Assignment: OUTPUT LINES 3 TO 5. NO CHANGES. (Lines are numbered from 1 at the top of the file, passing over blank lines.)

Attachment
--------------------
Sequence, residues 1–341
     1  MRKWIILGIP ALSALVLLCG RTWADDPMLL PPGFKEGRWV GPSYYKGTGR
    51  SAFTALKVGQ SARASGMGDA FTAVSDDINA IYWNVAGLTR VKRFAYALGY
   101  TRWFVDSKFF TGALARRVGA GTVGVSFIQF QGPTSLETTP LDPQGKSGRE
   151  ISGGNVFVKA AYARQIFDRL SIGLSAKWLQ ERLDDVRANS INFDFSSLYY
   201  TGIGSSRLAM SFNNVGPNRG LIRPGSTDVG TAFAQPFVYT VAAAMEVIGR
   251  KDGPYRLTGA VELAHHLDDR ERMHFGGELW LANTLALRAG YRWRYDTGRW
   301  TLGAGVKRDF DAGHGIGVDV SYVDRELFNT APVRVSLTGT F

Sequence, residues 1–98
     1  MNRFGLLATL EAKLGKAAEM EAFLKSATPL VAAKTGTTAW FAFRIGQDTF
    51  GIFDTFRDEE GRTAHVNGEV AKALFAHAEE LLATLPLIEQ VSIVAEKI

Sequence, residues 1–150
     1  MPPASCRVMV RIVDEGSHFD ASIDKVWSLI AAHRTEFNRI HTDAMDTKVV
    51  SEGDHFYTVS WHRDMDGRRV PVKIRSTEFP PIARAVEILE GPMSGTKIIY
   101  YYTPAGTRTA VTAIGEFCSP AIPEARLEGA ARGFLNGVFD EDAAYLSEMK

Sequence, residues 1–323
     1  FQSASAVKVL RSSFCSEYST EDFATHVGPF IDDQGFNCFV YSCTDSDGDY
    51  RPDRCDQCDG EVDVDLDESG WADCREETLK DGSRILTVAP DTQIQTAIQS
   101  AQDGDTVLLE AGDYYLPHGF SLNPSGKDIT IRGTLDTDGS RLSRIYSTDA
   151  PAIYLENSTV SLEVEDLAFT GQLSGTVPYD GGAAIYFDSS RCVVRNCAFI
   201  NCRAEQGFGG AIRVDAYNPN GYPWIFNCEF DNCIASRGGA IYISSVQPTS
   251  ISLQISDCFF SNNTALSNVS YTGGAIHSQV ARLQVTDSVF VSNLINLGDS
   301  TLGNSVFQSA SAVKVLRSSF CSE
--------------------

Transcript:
    51  SAFTALKVGQ SARASGMGDA FTAVSDDINA IYWNVAGLTR VKRFAYALGY
   101  TRWFVDSKFF TGALARRVGA GTVGVSFIQF QGPTSLETTP LDPQGKSGRE
   151  ISGGNVFVKA AYARQIFDRL SIGLSAKWLQ ERLDDVRANS INFDFSSLYY